Adaptability can be thought of as a measure of the ease to which a building can be modified over its lifetime (Webster, 2007). Adaptable buildings have extended lifespans and help to close material loops by ensuring the minimization of waste and new primary resources by designing to accommodate change over different temporal scales. Building longevity should be maximized through ‘loose-fit’ design, whilst durability and resilience provide an innate capacity to adapt to changing societal and environmental needs.
Although adaptability directly addresses long-term material efficiency, it is important to ensure that over-design is limited (e.g. through light-weighting of structural elements after designing for adaptability) to what is likely to be required of the building in the future. This serves to reduces the embodied carbon of the design in the short-term as far as possible, whilst still providing required long-term material efficiency.
Design for Deconstruction
Deconstruction is the method by which a structure is carefully disassembled to salvage as many components as possible (Webster, 2007). In order to improve the reused material supply chain in the future, it is recommended that new buildings are designed for later deconstruction to maximise the quantity of materials that can be recovered with minimal damage (Densley Tingley and Davison, 2011).
Connections across all building layers should enable a high percentage of material recovery. The simplicity and clarity of the construction and the design should be maximised and is an important early design stage consideration. This includes minimising different connections types and employing simple and reversible mechanical connections as opposed to chemical connections to enable components to be separated easily (Densley Tingley, 2013).
To ensure deconstructability, fixings should be durable and easily removable without destroying the structural integrity and finish of the joined construction elements. This means that dry fixing techniques are preferable over recessed or rebated connections involving mixed materials (Cobb, 2015 p.g. 398). Friction connections are also suitable where material recovery is concerned as they do not require holes or notches to be cut into connected members.
Circular Material Selection
Circular material selection encourages a transparent, whole life-cycle approach to material use. This principle should be applied alongside and integrated within other approaches (i.e. designing for adaptability) to ensure that low impact materials with little or no negative impact on human or environmental health are adopted throughout the buildings lifespan.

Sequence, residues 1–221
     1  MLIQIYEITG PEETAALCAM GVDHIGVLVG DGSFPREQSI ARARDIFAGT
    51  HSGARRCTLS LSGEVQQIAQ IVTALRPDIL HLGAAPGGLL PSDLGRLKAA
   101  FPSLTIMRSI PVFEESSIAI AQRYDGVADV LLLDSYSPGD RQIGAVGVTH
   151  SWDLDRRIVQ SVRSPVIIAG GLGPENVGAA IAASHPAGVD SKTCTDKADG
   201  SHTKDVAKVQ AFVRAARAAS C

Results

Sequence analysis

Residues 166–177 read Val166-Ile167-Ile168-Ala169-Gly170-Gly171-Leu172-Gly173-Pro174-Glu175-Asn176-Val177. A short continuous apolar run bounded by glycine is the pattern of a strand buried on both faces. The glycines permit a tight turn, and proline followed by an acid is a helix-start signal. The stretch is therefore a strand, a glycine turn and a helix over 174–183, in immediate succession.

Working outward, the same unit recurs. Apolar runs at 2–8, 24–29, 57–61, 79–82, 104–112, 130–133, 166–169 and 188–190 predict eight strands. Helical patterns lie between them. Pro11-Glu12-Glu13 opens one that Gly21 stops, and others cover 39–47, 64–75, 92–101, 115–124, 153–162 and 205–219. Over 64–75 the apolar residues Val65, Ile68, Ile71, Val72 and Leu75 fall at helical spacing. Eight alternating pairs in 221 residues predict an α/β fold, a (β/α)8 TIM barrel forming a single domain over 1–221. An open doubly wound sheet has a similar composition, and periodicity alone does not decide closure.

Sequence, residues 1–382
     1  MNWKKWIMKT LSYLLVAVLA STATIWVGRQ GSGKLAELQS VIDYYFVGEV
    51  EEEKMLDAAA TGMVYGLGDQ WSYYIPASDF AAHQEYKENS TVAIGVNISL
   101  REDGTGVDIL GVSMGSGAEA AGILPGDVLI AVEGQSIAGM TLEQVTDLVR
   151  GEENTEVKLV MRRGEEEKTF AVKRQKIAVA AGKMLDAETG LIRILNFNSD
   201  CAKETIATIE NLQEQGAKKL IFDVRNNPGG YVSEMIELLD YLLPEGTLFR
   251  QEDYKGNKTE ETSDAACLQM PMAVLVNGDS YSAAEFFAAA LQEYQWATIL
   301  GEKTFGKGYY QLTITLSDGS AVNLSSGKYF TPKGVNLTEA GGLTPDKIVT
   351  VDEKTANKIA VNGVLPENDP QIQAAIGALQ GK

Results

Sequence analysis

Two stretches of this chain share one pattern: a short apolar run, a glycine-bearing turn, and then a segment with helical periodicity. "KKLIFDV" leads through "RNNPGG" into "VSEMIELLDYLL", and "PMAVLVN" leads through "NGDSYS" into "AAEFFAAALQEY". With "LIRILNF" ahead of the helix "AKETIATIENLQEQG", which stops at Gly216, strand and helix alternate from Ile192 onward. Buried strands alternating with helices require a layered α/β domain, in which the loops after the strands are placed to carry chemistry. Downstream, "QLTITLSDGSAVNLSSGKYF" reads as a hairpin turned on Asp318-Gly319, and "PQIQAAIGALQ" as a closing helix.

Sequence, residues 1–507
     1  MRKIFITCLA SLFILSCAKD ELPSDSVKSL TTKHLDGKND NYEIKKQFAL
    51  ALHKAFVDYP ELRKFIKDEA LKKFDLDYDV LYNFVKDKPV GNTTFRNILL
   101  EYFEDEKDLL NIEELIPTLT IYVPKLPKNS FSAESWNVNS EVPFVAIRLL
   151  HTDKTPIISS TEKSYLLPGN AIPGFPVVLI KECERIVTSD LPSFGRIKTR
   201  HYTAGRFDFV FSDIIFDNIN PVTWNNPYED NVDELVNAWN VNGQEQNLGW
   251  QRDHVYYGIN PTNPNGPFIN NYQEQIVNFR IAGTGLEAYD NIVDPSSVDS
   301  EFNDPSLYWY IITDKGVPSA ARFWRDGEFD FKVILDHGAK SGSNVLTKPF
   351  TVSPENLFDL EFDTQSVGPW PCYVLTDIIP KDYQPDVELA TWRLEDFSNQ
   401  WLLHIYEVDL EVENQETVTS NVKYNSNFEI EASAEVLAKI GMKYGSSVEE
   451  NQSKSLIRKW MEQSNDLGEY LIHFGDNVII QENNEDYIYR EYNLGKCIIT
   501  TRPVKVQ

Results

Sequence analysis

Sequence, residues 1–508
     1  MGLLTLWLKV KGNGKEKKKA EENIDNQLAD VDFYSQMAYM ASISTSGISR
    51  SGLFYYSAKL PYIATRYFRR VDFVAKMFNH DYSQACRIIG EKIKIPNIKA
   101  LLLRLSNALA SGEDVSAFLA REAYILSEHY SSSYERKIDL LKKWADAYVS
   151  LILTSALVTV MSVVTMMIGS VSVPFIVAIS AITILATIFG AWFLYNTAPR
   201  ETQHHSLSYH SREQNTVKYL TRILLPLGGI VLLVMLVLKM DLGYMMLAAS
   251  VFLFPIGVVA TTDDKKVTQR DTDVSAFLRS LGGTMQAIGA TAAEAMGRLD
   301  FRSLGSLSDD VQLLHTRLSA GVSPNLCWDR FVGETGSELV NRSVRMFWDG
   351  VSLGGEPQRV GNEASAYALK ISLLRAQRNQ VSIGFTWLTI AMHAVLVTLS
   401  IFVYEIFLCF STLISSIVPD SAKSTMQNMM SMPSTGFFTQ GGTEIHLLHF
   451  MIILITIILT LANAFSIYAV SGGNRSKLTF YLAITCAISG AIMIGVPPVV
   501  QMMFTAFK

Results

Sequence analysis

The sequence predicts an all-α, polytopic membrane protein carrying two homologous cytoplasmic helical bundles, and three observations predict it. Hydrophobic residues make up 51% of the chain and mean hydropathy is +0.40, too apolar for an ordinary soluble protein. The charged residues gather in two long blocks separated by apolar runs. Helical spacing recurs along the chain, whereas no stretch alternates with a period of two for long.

Sustainable sourcing an a transition from selling products to selling services is important to the circular economy and is promoted in regenerate. This can be accomplished by, for example, reducing on-site waste through payment structures that give customers unlimited access to resources and allow payment only for what is used (UKGBC, 2019).
Resource efficiency aims to reduce material and embodied carbon demand by encouraging efficiency in design and the use of, what would otherwise be, waste products. By encouraging the use of reusable on- or off-site materials, the demand for virgin material is reduced and construction waste is recirculated. In addition, optimisation strategies such as the light-weighting of structural elements should be implemented, but only following the consideration of other circular economic principles (unless the structure is temporary).
Material optimisation strategies enable the use of fewer materials to provide the same service, whereas designing for long life (e.g. adaptability and deconstructability) may result in higher initial material usage with larger life-cycle emissions savings (IEA, 2019). Understanding this balance in material use on a case-by-case basis at the early design stage is important for effective material efficiency over a building’s lifespan.
For structural design checks for example, this could be accomplished by ensuring the utilisation ratio of all elements are as close to unity as possible, whilst adaptability for change of use is provided through large open plan and regular structural grids. In this and all other cases however, a life-cycle analysis of embodied carbon should be balanced against initial savings from optimisation strategies.
Circularity Criteria & Credits
Within each of the circularity principles outlined above, regenerate provides a suite of unique circularity criteria. These each represent a specific, achievable and evidencable actions which may be taken by a design team in order to enhance the circularity of the project under consideration. For ease of completion and to allow for more directed analysis outputs, these are disaggregated further by building layer within each circularity principle.
The (intended) fulfilment of each of these criteria within each building zone is self-certified by the user through a set of drop down response boxes. This allows the specification of whether or not this criteria will be/has been met, or whether this remains to be confirmed, with evidence of the (intended) fulfilment also being requested.